Number of Mental Health Counselors in South Carolina Schools Doubles in 2022

A report released by the state’s Medicaid agency on Thursday revealed that the number of mental health counselors in South Carolina schools has doubled in a year and a half.

A statewide survey conducted in 2022, at the request of the governor, highlighted the shortage of mental health counselors in the state’s schools, despite a growing demand for mental health services for children. The report from the Department of Health and Human Services revealed that, on average, there was only one counselor for every 1,300 students in the state, with nine school districts having no counselors at all.

The increase in the number of counselors can be attributed, in part, to a nearly twofold increase in the payment rates for licensed therapists working in schools. According to the department, the rate for a 30-minute session has risen from $37 to $71 since 2022.

A recent report found that schools in South Carolina achieved their goal of having one counselor for every 653 students as of September 2023. Overall, the number of mental health counselors in schools increased from 600 in January 2022 to 1,200 in September 2023.

According to the report, every district in the state now has at least one counselor. Some counselors remain stationed at a single school for the entire school day, while others rotate between schools.

Despite the increase in the number of counselors, it still falls short of the recommended ratio of one counselor for every 250 students set by the American School Counselors Association. The nationwide average ratio is closer to 400 students per counselor, as reported by the U.S. Department of Education.

The state’s long-term goal is to have one therapist for every 325 students. However, a lack of mental health clinicians poses a challenge to achieving this goal, as South Carolina does not have enough of them available, according to Jeff Leieritz, spokesman for the state’s Medicaid agency.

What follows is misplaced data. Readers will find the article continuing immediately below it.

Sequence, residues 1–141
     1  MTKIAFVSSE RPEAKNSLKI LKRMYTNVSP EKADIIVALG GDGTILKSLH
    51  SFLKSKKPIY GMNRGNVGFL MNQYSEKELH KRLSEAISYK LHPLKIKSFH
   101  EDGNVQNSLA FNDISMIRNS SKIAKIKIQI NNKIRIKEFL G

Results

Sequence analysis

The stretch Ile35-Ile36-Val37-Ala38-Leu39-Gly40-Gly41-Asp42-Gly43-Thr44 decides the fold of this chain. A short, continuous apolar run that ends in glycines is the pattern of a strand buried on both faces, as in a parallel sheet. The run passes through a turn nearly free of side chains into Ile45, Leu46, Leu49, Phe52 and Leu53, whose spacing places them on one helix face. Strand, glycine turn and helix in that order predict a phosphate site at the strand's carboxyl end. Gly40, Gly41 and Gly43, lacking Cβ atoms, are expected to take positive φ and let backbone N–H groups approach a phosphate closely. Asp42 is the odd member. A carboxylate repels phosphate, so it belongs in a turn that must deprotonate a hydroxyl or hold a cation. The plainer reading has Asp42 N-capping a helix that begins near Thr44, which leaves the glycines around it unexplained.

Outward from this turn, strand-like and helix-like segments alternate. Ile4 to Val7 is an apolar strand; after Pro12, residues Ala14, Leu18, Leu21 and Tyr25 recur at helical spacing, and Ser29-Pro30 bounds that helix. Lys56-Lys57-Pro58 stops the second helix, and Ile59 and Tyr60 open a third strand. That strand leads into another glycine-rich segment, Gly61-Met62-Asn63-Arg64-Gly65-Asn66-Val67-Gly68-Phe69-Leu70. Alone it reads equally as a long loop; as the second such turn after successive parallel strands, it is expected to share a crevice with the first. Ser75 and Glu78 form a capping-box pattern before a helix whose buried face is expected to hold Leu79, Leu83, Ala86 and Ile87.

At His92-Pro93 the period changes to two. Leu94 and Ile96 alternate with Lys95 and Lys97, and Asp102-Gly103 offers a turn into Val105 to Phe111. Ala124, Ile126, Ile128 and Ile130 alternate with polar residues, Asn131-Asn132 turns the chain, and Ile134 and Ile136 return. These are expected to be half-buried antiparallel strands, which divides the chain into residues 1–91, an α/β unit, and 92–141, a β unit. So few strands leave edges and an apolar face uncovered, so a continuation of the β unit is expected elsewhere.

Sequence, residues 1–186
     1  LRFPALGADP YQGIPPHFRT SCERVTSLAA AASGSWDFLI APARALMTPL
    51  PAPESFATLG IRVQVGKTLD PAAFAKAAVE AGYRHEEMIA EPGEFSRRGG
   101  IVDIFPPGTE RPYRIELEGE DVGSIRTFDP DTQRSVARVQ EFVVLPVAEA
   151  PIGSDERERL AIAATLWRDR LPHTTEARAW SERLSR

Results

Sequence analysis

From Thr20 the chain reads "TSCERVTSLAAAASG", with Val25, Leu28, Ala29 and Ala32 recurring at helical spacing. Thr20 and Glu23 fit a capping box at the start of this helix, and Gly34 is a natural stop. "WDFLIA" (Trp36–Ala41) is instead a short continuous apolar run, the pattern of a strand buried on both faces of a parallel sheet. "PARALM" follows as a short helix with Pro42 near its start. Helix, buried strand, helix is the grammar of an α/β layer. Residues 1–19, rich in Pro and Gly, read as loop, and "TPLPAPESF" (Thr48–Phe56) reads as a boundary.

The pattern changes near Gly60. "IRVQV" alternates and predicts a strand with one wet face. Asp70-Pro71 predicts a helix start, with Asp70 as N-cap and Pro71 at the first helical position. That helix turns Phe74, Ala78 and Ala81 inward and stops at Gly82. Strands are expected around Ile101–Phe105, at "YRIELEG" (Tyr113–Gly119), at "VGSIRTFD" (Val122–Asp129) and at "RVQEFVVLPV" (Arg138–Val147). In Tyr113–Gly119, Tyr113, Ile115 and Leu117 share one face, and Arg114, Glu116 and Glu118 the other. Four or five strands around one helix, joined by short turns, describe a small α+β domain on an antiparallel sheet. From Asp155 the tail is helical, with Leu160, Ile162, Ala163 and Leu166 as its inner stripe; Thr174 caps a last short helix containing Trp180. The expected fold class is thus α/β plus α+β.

The agency’s report was released a day after Gov. Henry McMaster highlighted the progress made in school-based mental health services during his State of the State address, offering a preview of the survey’s findings.

According to findings by the South Carolina School Behavioral Health Academy, children are 21 times more likely to utilize mental health services within their schools compared to seeking therapy outside of school. This underscores the importance of having counselors available at schools, as emphasized by Robby Kerr, the state’s Medicaid director.

The demand for mental health services is on the rise. Suicide rates among individuals aged 10 to 24 experienced a 62% increase from 2007 to 2021, according to the Centers for Disease Control and Prevention. In 2021, South Carolina saw a rate of 2.5 suicides per 100,000 children.

In addition to increasing therapist pay, changes in payment policies have contributed to South Carolina’s improved numbers. The state Medicaid agency modified its policy to facilitate the hiring of private clinicians by schools while allowing the costs to be covered by the agency. Previously, the need for counselors was met by the state’s mental health workers.

This policy change has enabled districts to hire their own counselors, a preferred option for almost 60% of district leaders, based on the 2022 report.

As of the 2023 survey, approximately 600, or around half, of all in-school mental health counselors were employed by their districts instead of a state agency. School districts still have the choice to partner with the state Department of Mental Health or adopt a hybrid model that combines state workers with private clinicians.

District-employed counselors can dedicate more time to schools, resulting in less turnover and a consistent point of contact for students, according to Leieritz.

The increased number of counselors also means improved support for students in crisis situations. Previously, mental health clinicians, overwhelmed with daily sessions, often did not have the capacity to assist students in mental health emergencies, leading these incidents to be handled by untrained nurses or administrators, as stated in the 2022 report.

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